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By Miriam Sjoblom, CFA | 01-04-2012 09:00 AM

Carlson: Investors Got Complacent About Emerging Markets

Morningstar's 2011 Fixed-Income Manager of the Year John Carlson outlines his strategy for Fidelity New Markets Income going into last year and what he expects for 2012 and beyond.

Miriam Sjoblom: Hi, I am Miriam Sjoblom, associate director of fund analysis at Morningstar. I am here today with John Carlson, who is the portfolio manager of Fidelity New Markets Income and winner of our Fixed-Income Manager of the Year Award for 2011.

Thanks for joining us John, and congratulations.

John Carlson: Well, thank you Miriam. It's really a great honor to win, and I want to thank everybody and part of the global fixed-income team at Fidelity that has helped me get here. So, thank you.

Sjoblom: You've obviously had a very long distinguished career in emerging markets, but let's talk a little bit more about 2011 and why this was a good year for the fund. Just coming into the year, I think, it seemed like a lot of bond managers were more concerned about a recovery in the economy, inflation, and rising interest rates. But you had a different take, and so maybe you can walk us through what your outlook was coming into 2011?

Carlson: Yeah. Sure, I'd be happy to. I came into 2011, and what I saw was a crisis of confidence developing. And I saw a lot of complacency on the emerging-markets side. We were being labeled the new safe heaven; nothing could go wrong. I saw a lot of flows into corporate bonds, and into local currency bonds. And then, I saw people being very negative on the dollar and just this almost obsession with U.S. rates backing up in inflation. And so when I looked at the analysis, I did it two ways. First I looked at the risk-reward, and I said, "OK, if I am wrong…" and I was a deflationist, disinflation. I looked at fiscal austerity, high unemployment, and low capacity utilization rates. I thought, OK, where are bonds going to go from here?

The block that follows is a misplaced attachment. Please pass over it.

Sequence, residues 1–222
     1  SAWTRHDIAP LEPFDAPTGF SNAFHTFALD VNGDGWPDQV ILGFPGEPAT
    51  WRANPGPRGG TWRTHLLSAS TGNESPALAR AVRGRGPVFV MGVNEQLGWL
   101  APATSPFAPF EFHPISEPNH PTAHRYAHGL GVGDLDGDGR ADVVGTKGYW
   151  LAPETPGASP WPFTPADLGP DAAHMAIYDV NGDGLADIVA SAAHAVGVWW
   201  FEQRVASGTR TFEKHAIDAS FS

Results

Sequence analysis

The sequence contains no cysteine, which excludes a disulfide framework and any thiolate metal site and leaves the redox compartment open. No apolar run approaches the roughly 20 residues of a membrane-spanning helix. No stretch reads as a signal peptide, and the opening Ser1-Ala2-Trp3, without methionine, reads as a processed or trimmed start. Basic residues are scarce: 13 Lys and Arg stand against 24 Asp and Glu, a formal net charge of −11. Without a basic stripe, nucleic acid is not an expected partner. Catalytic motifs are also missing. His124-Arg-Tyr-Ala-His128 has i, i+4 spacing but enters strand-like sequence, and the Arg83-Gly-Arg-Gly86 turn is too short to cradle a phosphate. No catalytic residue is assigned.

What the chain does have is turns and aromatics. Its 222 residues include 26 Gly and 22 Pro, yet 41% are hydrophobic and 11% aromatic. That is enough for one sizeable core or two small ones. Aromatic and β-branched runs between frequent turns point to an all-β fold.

So, if they were right and we got this back up, I thought maybe 25 basis points would be a little sell-off. But if I were right, there'd be this huge rally in the long end of the curve, and that's exactly what developed. So, when I looked at what was going on, I said the risk reward was if you weren't in the long end of the bonds and you're overweight corporates and local currency, then there was much more risk.

Sjoblom: Let's talk specifically about what some of the big moves that you made in the portfolio were. Just in general, it was a really good year for hard-currency-denominated emerging-markets debt versus local-currency because a lot of the local emerging-markets currencies got really hurt. But beyond that, there were things that you were doing that really did help the returns and, maybe you can walk us through that.

Carlson: Yeah. I mean, I think, there's couple of things. I came into the year with the view I just talked about, where I saw too much complacency in emerging markets and kind of denial both in the U.S. that we could ever lose our investment-grade rating and denial that Greece and Europe was in trouble. So, coupling that with my disinflationary view, I extended duration in the portfolio. So, I bought the longer end of the higher-grade credits in Indonesia, Philippines, Mexico, and Columbia. At the same time, in the spring when credit spreads for corporate bonds got very tight, I dropped the percentage from about 20% to about 5% in corporates.

And between all the modeling we do on the research side at Fidelity and in my own travels, I felt local currency was both overvalued in a crowded trade. So, we got out of corporates, eliminated local currency for the most part, and extended duration. And coupling that with good credit selection and great execution by the trading desk, led to the year we had. But it's really a combination of doing top-down macro work and the, doing a lot of on-the-ground kicking the tires with the research team, and then, being able to execute that strategy through the trading desk.

Sjoblom: So, looking ahead to 2012, now after we've had all this volatility and a tough year for local currencies, what's the mood like in the market? How does it differ from the start of the year? And what do you think is the strategy for success going forward?

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